But there never is a rational explanation. So, when an instrument cable comes unwound, snake-like, from the door handle around which it was wound, while I am sitting there staring at it in disbelief (and, would you believe it? Listening to Tiny Tim), I know that this is "Jenn's" way of telling me, "It is time. It is time. What are you waiting for?" 

But, I am still waiting. And, I am really not certain why. Perhaps because they feed off of OUR energy too, (as a psychic reader, I can assure you of this), and that it is so exhausting just letting them communicate—even using the Ouija Board. It is equally exhausting, at times, reading Tarot for customers, if I go very deeply into trance states; but, NOTHING is as draining as working with the literal disincarnate. 

Poltergeists (German. Literally, "noisy ghosts.") are known for their propensity to do any number of odd things: throw rocks, drops of water, rap on walls, ceilings, floor boards; curse, sing songs of praise, leave their imprints in the form of claw marks or hand prints on the faces and bodies of their victims.

The "Bell Witch" of Tennessee was a spitting, cursing swearing trio of disembodied horrors-"Black Dog," "Mathematics," and "Cypocraphy"—that smelled drunk while rapping walls, stopping coaches along dusty roads, swearing, singing gospel hymns, telling secrets, and causing weird growths in the throat of the tormented and clueless farmer John Bell. Who, according to accounts, was poisoned by "Old Kate," the putative "Witch, when she replaced a medicinal tonic he was taking with poison. He was the first casualty known in the world of ghosts; one of a very, very few. 

Ghosts are known to rattle, gibber and wail. Less frequently, they move objects around, hide them in unlikely places; more rarely, they will reveal the presence of a lost or unknown object that had long been hidden. In Hydesville, New York, the birthplace of Spiritualism, in 1848, the Fox Sisters, Margaret and Kate, were involved in an extended communication with the departed entity known to them as "Mr. Splitfoot," who communicated with them via "raps" on the floorboards of their house. They later confessed that they had faked the "rapping" via cracking their toe joints—an explanation that seems only slightly less likely than that the raps were the literal work of a consciousness that had, somehow, survived bodily death.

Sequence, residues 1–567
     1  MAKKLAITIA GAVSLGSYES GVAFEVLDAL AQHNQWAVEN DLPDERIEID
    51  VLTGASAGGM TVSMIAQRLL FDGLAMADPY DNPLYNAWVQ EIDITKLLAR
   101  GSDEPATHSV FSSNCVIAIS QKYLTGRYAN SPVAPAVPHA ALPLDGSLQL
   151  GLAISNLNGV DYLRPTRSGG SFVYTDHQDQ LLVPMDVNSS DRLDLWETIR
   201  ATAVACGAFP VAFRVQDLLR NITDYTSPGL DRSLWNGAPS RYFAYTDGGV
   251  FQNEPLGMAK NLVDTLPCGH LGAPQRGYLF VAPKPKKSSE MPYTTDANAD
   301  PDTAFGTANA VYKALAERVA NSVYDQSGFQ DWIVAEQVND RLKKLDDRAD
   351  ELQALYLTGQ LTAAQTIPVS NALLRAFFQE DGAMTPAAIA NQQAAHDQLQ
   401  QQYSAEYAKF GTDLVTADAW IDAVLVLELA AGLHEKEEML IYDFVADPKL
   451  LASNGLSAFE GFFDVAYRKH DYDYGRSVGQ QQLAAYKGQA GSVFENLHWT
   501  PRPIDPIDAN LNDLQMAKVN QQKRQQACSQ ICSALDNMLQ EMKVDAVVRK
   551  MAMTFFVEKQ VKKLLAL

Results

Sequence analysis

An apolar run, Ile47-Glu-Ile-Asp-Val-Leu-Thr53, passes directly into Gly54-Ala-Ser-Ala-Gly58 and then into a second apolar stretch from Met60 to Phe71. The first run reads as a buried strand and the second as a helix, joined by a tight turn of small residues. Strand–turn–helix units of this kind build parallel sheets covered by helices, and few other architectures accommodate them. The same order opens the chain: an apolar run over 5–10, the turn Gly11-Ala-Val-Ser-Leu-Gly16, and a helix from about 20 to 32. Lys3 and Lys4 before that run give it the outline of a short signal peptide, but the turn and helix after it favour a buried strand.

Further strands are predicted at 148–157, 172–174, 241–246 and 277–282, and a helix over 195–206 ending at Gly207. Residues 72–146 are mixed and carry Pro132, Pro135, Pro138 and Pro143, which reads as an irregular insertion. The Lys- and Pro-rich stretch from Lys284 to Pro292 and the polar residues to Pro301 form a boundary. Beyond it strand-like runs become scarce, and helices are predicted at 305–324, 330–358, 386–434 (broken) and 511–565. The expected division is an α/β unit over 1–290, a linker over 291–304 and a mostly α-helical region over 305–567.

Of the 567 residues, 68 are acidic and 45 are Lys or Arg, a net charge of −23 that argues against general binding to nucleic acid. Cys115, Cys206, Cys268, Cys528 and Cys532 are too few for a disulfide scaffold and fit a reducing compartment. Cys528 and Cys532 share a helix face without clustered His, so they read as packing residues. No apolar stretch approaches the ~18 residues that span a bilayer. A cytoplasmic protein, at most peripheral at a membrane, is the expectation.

In the classic film Poltergeist (1982), directed by the late Tobe Hooper, of Texas Chainsaw Massacre infamy, the family of little Carol Anne (portrayed by tragic child actress, the late Heather O'Rourke) is haunted and cursed by a succession of special effects specters, who blaze across the silver screen, dripping the oozing, gore-colored ichor of the other world, while the soundtrack shrieks at the audience from the deepest recesses of their wonder and fear. In a comic scene, the father of Carol Anne (portrayed by actor Craig T. Nelson), opens the door of the vanished little girl's room for a trio of paranormal investigators. Her toys and furnishings are spinning in a cyclone tunnel of activity, guided by invisible hands. A toy record player flies by, its needle placed into the groove by inviable fingers. Likewise, a toy horse and cowboy with animated legs goes spinning through the air. What is moving them? 

Later, a glass moves, guided by no discernible agency, across the dining room table, while the ghost chasers snap eager photographs. Even worse, little Robbie Freeling (portrayed by actor Oliver Robins) is strangled by his stuffed clown during a thunderstorm. I have, of course, never had anything happen like this—except, occasionally, the bed will shake as if someone is making it do so. 

I suppose we'll get that ghostly book written, someday. 

Poltergeists have been said to pop the corks out of bottles, erupt into choruses of howling noise (not, strictly speaking, always the sorts of noises humans could make), cause mysterious objects, such as fruits and nuts to rain from the ceiling, stuff the clothing of their victims with feathers, and act in other, more bizarre ways. (And, let's not forget, the propensity for poltergeists to cause mysterious FIRES.) Some don't even credit them as being spirits in the traditional sense—seeming to manifest around pre-pubescent girls, they are sometimes thought of as mere poorly-projected psychic energy. 

We're not certain either way. We roll with the punches. 

Good night. 

Not conventional beauties by today's standards, the Fox sisters (pictured above) were, nonetheless, superstars in their time for having claimed communication with the departed "noisy ghost," Mr. Splitfoot. 

"Carol Anne's Theme" from "Poltergeist" (1982), with Original Lyrics

"Haunted Indianapolis" by Tom Baker and Jonathan Titchenal

Now Reading
Poltergeists I Have Known
Read Next
'Velvet Buzzsaw' Was a Buzzkill, and Here's Why